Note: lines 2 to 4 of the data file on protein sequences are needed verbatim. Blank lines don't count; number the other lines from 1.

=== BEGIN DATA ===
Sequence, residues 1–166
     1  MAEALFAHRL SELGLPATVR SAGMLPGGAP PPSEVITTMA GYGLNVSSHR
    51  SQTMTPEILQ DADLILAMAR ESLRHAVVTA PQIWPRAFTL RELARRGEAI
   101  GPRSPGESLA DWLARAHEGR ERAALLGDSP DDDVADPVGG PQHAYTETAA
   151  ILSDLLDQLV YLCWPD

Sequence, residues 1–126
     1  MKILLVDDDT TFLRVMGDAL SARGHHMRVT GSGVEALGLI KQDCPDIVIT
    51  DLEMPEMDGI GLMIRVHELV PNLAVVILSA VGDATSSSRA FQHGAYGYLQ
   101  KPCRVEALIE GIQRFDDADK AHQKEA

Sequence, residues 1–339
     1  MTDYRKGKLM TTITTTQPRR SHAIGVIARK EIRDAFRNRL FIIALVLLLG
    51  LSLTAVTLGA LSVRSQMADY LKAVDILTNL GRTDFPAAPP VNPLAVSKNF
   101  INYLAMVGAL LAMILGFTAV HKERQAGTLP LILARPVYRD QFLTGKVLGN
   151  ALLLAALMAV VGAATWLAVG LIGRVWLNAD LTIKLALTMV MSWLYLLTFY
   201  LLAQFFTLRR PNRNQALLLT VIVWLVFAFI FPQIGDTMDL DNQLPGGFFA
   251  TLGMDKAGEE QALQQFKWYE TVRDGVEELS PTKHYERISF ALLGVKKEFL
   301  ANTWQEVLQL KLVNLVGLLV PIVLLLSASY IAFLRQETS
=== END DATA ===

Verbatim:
     1  MAEALFAHRL SELGLPATVR SAGMLPGGAP PPSEVITTMA GYGLNVSSHR
    51  SQTMTPEILQ DADLILAMAR ESLRHAVVTA PQIWPRAFTL RELARRGEAI
   101  GPRSPGESLA DWLARAHEGR ERAALLGDSP DDDVADPVGG PQHAYTETAA